258 F2d 161 Hunt v. United States

258 F.2d 161

103 U.S.App.D.C. 309

James W. HUNT, Appellant,
UNITED STATES of America, Appellee.

No. 14237.

United States Court of Appeals District of Columbia Circuit.

Argued April 8, 1958.
Decided July 2, 1958, Petition for Rehearing In Banc Denied
Sept. 5, 1958.

Mr. Albert J. Ahern, Jr., Washington, D.C., with whom Mr. James J. Laughlin, Washington, D.C., was on the brief, for appellant.

Mr. Louis M. Kaplan, Asst. U.S. Atty., with whom Messrs. Oliver Gasch, U.S. Atty., Lewis Carroll and Frederick G. Smithson, Asst. U.S. Attys., were on the brief, for appellee.

Mr. John W. Warner, Jr., Asst. U.S. Atty., also entered an appearance for appellee.

Before WASHINGTON, BASTIAN and BURGER, Circuit Judges.


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Appellant was convicted of narcotics violations. In his testimony he admitted selling narcotics to a police undercover agent on six separate occasions over a period of several weeks. His defense is that he was entrapped into these acts by the police agent. The testimony was conflicting; appellant's evidence arguably made out entrapment as a matter of law1 and the Government's evidence negated entrapment as a matter of law.2 The instructions were free of prejudicial error,3 and thus the jury's verdict indicating belief of the Government's version of the transactions in conclusive.


Appellant contends the Government must affirmatively show that the police had a rational basis for sending the agent to appellant in the first instance.4 However, the evidence shows the police did have sufficient grounds on which to believe that appellant was engaged in selling narcotics.5




Appellant's evidence (solely his own testimony) was to the effect (1) that the police agent, a stranger to appellant, phoned appellant and arranged for a meeting; (2) that at this meeting the agent urged appellant to enter the narcotics business, promising large profits; (3) that appellant resisted at first, but finally agreed; (4) that appellant bought a large quantity of heroin from a source suggested by the agent, on the understanding that the agent would take all of it off appellant's hands; and (5) that instead of buying these narcotics at once the agent took them bit by bit in six installments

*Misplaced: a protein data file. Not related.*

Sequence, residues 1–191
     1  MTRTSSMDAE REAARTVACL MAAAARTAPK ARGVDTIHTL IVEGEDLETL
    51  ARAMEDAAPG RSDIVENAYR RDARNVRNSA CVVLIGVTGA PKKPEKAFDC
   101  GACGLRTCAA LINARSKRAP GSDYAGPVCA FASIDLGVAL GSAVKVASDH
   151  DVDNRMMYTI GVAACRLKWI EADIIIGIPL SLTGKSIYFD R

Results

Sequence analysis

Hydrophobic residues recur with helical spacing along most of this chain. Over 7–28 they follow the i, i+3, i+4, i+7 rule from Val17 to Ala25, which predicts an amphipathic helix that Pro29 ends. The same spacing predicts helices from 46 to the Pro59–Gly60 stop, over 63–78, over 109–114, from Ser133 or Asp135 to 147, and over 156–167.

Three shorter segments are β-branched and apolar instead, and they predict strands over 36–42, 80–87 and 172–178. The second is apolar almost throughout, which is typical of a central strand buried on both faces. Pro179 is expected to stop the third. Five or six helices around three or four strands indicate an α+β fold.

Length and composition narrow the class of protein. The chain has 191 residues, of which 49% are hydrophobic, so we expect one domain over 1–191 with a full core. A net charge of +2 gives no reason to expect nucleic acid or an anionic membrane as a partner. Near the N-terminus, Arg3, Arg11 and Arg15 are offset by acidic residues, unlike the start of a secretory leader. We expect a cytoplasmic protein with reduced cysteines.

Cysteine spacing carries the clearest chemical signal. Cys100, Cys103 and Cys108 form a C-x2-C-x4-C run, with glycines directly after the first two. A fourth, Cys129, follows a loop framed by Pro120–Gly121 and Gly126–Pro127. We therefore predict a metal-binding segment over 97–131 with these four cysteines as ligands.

The Government's evidence (consisting of the police agent's testimony, corroborated by others) tended to show (1) that the police agent was led to suspect appellant when co-defendant Lyles, a known narcotics user, identified appellant a Lyles' source of supply; (2) that for $25 Lyles arranged for a meeting between the police agent and appellant; (3) that this meeting was the police agent's first contact with appellant; (4) that appellant at this meeting made the first overtures contemplating a sale of narcotics; (5) that the police agent offered no persuasions to induce the sale, other than to agree to pay the price asked by appellant; (6) that appellant had in his possession at least 50 capsules of heroin which he sold to the police agent during this first meeting; and (7) that during several weeks after the first meeting and sale, appellant met the first on five separate occasions, each one involving additional sales of narcotics. The total sales by appelant to the agent amounted to 764 capsules plus 425 grains of heroin


The instructions were consistent with Cratty v. United States, 1947, 82 U.S.App.D.C. 236, 163 F.id 844; Sorrells v. United States, 1932, 287 U.S. 435, 53 S.Ct. 210, 77 L.Ed. 413; Sherman v. United States, 1958, 356 U.S. 369, 78 S.Ct. 819, 2 L.Ed.2d 848; Masciale v. United States, 1958, 356 U.S. 386, 78 S.Ct. 827, 2 L.Ed.2d 859


Compare Morei v. United States, 6 Cir., 1942, 127 F.2d 827, 833 with Silva v. United States, 9 Cir., 1954, 212 F.2d 422. See Note, Entrapment by Government Officials, 28 Colum.L.Rev. 1067, 1070 (1928)

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See clause numbered (1) in note 2 supra